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HURLINGHAM 9th & 10th June 2012


Mint Polo in the Park 2012

Contents 10 Welcome from MINT 12 Welcome from City Events 14 Show Times 19 Event Map 20 MINT Polo In The Park - Polo for the People 24 History in the Making 26 The Hurlingham Club - The Heart & The Heritage 30 The Hurlingham Polo Association - Guardians of the Game 33 Rules of Polo - Old & New 36 A-Z of Polo 40 Meet the Teams 42 Profile - MINT Team London 44 Profile - IG Index Team Sydney 46 Profile - Otkritie Team Moscow 48 Profile - Camino Real Team Buenos Aires 50 Profile - Mandarin Oriental Hyde Park London Team Abu Dhabi 52 Profile - City AM Team Delhi 55 Summer Events Calendar 59 English Rose 60 The Brit Brigade 62 Polo Fashion 68 A Bumper Year for Luxury British Brands 70 Audi A7 - Fast there & Fast back 72 Polo At The Palace 79 Shopping 82 Autographs page

Exclusive MINT Polo In The Park Prizes! Scan this QR Code for regular MINT Polo In The Park prizes throughout the day NB: You must be 18 or over to enter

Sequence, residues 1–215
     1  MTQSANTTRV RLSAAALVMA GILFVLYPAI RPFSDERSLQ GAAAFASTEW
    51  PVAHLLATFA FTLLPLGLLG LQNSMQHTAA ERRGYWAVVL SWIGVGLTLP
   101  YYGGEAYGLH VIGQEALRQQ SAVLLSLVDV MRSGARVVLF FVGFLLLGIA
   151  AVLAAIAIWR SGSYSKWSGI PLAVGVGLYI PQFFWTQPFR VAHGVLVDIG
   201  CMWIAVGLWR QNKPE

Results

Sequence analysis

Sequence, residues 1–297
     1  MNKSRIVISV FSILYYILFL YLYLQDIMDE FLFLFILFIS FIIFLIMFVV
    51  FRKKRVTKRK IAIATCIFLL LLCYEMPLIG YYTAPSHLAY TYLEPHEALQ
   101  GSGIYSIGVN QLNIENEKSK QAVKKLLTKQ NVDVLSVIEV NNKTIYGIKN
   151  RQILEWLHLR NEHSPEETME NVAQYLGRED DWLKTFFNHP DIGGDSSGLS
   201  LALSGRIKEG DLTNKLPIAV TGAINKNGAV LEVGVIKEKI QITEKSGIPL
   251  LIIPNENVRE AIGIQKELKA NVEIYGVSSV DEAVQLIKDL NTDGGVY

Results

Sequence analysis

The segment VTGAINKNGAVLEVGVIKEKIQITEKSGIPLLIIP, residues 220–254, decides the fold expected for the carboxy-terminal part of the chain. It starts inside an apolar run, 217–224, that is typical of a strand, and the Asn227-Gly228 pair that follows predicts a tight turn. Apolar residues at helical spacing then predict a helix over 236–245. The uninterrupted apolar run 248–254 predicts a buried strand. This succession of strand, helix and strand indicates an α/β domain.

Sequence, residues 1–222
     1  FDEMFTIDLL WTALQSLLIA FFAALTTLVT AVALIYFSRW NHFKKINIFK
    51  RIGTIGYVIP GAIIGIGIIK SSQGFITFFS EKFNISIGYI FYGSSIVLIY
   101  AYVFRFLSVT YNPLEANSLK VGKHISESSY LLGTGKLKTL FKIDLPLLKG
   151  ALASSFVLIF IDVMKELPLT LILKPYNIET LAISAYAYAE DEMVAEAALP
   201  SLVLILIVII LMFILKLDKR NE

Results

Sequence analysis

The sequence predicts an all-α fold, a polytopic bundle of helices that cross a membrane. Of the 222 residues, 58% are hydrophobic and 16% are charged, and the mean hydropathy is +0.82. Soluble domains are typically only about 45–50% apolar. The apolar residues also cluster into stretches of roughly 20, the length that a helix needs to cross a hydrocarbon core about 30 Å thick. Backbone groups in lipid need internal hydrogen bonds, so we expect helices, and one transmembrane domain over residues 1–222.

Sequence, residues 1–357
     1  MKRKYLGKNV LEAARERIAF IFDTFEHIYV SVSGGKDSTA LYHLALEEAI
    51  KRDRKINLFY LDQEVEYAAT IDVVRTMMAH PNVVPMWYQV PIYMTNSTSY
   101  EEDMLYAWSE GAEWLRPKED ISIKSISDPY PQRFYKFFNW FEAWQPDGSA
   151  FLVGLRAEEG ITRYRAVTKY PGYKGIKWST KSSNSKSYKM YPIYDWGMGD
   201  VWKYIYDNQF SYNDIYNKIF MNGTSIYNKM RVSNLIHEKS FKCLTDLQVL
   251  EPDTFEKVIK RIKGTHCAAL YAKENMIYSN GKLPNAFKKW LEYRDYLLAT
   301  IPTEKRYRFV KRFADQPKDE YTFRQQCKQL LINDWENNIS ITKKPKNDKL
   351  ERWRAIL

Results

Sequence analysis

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19/03/2012 09:16

Mint Polo in the Park 2012

Welcome MINT would like to welcome you all to MINT Polo In The Park.


E AT MINT are really proud to be sponsoring this premier event in the London social and sporting calendar for a third year and have been amazed at the success and growth it has achieved in such a short period. The team at MINT is known for their highly energised approach to business, as well as our reputation for dynamic solutions. For us to be able take up the rare opportunity to link with a fresh and innovative event in the heart of London and help it grow over the long term makes great sense and mirrors our approach to MINT’s own areas of business. The idea of taking a traditional sport such as polo back to its home of Hurlingham Park is exciting in itself, but the prospect of introducing a new format of spectator friendly, high octane ‘Twenty20’ polo is something not to miss. Thanks to all of the team at City Events, all those who have sponsored the event, and of course, a huge thanks to all of our clients, many of whom are here to watch MINT Polo In The Park. We hope that all of you who visit this event really enjoy the show... and keep an eye out for MINT Team London! Tim Bullman and Richard Barnett